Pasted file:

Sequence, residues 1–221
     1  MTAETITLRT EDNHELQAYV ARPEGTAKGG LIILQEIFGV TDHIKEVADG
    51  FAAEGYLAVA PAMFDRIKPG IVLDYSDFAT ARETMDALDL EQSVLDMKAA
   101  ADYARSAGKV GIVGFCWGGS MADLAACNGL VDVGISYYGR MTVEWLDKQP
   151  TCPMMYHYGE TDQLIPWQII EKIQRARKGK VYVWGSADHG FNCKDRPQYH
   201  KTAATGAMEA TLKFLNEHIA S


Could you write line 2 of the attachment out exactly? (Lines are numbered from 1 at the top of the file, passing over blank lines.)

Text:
     1  MTAETITLRT EDNHELQAYV ARPEGTAKGG LIILQEIFGV TDHIKEVADG